'(1) As stated supra, on 30-9-1966, there was a settlement (Exhibit 'B') during the course of conciliation proceedings under Section 12(3) of the Act to the effect that from January 1967 onwards payment of D.A. will be restored to the previous system as per agreement dated 1-7-1963, i.e., the D.A. was to be payable to the workmen on the basis of cost of living index. This settlement was to be binding on all the parties till 30-6-1967.'
The recitals in the other writ petition (W.P No.456 of 967) at the end of the paragraph 3 merely point out that the petitioner's plea therein is that the settlement dated 1-7-1963 continued to be in force till 1-7-1967. Taking the pleadings of the parties as they stand, we are of the opinion that when once the binding character of the award got effaced by the mutual consent of the parties and a new settlement dated 30th September 1966 came to be arrived at, it would not be open to them to say that the old award shall stand revived. There is nothing either in Section 19 or in any other provisions of the Act providing for revival of an award which has become extinguished or ceased to be in force by act of parties.
(13) The second aspect of the contention is that without issuing a notice as contemplated by sub-section (6) of Section 19, I would not be open to the parties to enter into a fresh agreement. It is common ground that no notice as stated in sub-section (6) of Section 19 was issued by any of the parties. It appears from Exhibit 10 of the exhibits produced by the second respondent with its counter that even before the expiry of the second settlement of 30th September 1966 which as already stated expressly mentioned as being operative for a period of four months specified therein, the Management seems to have started negotiations for continuance of revised rates of dearness allowance ignoring the linking of the rates with the living index. It appears from Exhibit 9 that as early as on 30-11-1966, the office-bearers of the five Labour Unions of the Mills were invited for discussion seems to have been carried on till about the 15th of December 1966 without producing any tangible results. It is only thereafter that the Management wrote a letter dated 7-1-1967 as mentioned in the preamble to the impugned settlement to the effect that as the four months stipulated in the settlement expired by the end of December 1966, the Conciliation Officer should take steps to arrive at a settlement regarding the quantum of dearness allowance payable from the month of January 1967. The contention of the petitioners is that such negotiations or the conciliation could not have been started without an express notice as required by sub-section (6) of Section 19. We do not agree with this contention for the reasons to be stated presently.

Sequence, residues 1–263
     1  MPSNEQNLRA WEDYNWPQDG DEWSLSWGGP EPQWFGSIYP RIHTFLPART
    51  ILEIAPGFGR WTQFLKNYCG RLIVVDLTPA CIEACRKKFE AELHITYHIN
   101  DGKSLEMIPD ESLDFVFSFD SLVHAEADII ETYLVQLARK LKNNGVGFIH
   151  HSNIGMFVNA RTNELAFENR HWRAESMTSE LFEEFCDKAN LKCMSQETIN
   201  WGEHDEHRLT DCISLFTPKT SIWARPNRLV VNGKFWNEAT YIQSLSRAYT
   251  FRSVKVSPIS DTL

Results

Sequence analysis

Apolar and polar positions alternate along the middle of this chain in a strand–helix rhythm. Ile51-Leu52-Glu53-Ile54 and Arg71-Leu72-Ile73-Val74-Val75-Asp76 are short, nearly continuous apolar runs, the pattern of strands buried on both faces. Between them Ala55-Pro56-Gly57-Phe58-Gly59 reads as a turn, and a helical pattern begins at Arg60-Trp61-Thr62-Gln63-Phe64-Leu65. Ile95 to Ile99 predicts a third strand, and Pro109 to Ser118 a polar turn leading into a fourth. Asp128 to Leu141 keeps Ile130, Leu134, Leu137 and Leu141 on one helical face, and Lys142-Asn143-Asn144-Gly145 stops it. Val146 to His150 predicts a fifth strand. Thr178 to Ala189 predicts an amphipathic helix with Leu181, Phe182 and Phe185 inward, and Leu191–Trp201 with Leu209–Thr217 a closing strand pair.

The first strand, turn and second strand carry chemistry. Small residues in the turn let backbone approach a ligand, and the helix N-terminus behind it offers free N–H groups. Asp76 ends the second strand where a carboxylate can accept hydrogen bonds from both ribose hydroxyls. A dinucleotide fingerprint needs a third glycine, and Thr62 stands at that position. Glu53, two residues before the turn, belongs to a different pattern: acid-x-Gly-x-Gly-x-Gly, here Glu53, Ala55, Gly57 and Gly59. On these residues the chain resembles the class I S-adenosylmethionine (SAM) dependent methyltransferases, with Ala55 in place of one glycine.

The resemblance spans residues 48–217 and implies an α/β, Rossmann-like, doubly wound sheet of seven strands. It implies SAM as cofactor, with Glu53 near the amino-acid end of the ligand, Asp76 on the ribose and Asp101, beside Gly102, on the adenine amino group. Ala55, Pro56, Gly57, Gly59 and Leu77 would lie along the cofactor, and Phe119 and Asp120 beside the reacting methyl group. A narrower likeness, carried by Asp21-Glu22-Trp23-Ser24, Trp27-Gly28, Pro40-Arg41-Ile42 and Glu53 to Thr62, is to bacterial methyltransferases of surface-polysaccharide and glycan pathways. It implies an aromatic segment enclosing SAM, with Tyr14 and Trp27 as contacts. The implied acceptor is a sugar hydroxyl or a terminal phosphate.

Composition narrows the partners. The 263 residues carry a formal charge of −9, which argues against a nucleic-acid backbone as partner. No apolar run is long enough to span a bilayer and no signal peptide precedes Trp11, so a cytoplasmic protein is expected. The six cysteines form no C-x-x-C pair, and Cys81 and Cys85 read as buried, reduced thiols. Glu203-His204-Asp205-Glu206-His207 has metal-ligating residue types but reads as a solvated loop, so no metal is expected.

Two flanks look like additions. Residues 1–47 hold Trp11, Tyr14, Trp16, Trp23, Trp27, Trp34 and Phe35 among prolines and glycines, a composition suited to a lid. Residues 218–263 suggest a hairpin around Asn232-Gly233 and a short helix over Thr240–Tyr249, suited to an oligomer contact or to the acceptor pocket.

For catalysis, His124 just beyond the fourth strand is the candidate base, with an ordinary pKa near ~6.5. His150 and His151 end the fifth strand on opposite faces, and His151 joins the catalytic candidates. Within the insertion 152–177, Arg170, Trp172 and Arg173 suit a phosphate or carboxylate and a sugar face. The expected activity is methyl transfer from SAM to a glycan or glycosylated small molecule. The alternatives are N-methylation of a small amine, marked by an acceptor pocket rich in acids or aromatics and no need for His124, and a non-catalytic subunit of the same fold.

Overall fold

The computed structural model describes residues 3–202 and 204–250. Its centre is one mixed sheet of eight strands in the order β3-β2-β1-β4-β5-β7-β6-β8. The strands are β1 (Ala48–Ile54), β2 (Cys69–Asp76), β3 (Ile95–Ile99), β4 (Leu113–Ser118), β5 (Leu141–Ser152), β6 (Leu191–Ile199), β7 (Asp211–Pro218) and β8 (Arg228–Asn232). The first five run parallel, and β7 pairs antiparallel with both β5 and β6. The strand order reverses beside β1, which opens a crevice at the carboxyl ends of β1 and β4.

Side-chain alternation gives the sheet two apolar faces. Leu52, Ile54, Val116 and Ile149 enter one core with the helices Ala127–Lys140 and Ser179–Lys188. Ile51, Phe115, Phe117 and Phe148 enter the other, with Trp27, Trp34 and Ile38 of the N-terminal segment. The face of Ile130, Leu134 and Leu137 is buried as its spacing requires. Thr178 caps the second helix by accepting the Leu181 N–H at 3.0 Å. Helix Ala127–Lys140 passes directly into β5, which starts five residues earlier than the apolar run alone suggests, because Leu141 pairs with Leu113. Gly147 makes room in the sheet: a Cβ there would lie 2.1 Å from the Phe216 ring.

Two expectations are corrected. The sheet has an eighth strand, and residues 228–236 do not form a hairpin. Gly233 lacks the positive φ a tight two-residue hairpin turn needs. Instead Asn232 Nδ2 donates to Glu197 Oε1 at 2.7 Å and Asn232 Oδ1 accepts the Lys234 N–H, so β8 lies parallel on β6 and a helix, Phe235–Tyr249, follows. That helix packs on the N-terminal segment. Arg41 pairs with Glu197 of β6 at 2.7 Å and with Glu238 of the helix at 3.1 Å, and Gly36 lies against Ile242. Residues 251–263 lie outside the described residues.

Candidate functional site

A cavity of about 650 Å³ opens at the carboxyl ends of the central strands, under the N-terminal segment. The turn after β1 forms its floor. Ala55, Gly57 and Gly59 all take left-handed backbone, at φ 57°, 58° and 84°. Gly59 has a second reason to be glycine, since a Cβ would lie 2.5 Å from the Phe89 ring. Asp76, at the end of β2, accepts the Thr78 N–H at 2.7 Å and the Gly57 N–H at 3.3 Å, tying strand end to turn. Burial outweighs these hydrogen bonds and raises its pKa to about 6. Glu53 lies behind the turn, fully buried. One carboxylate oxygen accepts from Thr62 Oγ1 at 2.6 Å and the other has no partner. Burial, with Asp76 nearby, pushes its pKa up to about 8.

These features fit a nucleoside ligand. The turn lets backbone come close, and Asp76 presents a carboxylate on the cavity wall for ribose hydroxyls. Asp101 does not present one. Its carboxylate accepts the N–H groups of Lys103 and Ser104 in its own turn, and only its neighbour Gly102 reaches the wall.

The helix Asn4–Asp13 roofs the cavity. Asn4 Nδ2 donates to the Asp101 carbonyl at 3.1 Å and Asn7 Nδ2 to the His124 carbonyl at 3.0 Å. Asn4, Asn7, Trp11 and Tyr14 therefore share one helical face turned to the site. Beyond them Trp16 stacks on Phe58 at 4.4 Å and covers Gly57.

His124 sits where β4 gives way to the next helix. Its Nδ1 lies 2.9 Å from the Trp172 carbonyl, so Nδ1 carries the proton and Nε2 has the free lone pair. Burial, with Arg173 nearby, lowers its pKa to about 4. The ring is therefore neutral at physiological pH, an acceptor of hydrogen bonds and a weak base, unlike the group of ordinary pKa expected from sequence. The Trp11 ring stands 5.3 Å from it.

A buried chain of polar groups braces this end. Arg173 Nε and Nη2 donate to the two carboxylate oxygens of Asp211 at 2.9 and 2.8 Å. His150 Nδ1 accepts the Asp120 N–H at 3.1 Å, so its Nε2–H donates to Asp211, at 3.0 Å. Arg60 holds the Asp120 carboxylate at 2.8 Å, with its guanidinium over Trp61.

(14) The preamble to the settlement of Exhibit 'C' makes it clear that the Conciliation Officer held two meetings on the 11th and 16th of January 1967 at which all the five Labour Unions were represented. They participated in the discussion also. The settlement (Ex. 'C') which is in the prescribed form narrates the circumstances to which a reference has already been made, besides stating why the necessity for reviving the rates of dearness allowance had arisen. It appears from the concluding paragraph of the preamble that the two petitioners did not agree to the proposal of reduction of dearness allowance and refused to sign the settlement. The remaining 3 associations and Labour Unions as also the employer signed the settlement. It is also signed by the Conciliation Officer. It does not appear from Exhibit 'C' that the present petitioners took objection either about the notice under sub-section (3) of Section 19 or of any award or settlement having been in force and of binding effect during the period for which negotiations had been started. It is only on 23rd January 1967 as per Exhibit 4, the Karmikarara Sangha, the petitioner in W. P. No. 456 of 1967 took an objection as to the failure of issue of notice terminating the settlement of 1-7-1963. The impugned settlement was arrived at on 16-1-1967; while the notice to the Conciliation Officer was issued on the 23rd January 1967. It has been laid down by the Supreme Court in Workmen of Western India Match Co. v. Western India Match Co., : (1962)ILLJ660SC , that the absence of a formal notice under Section 19(2) of the Act terminating the settlement is immaterial in view of the subsequent representations made by the workmen and the action taken by the parties. It has been stated that no express notice is necessary and that if the conduct of the parties showed that they were definitely aware of the intention to terminate the settlement or an award and thereafter participated in arriving at the settlement, then the absence of notice would not affect the validity of the settlement.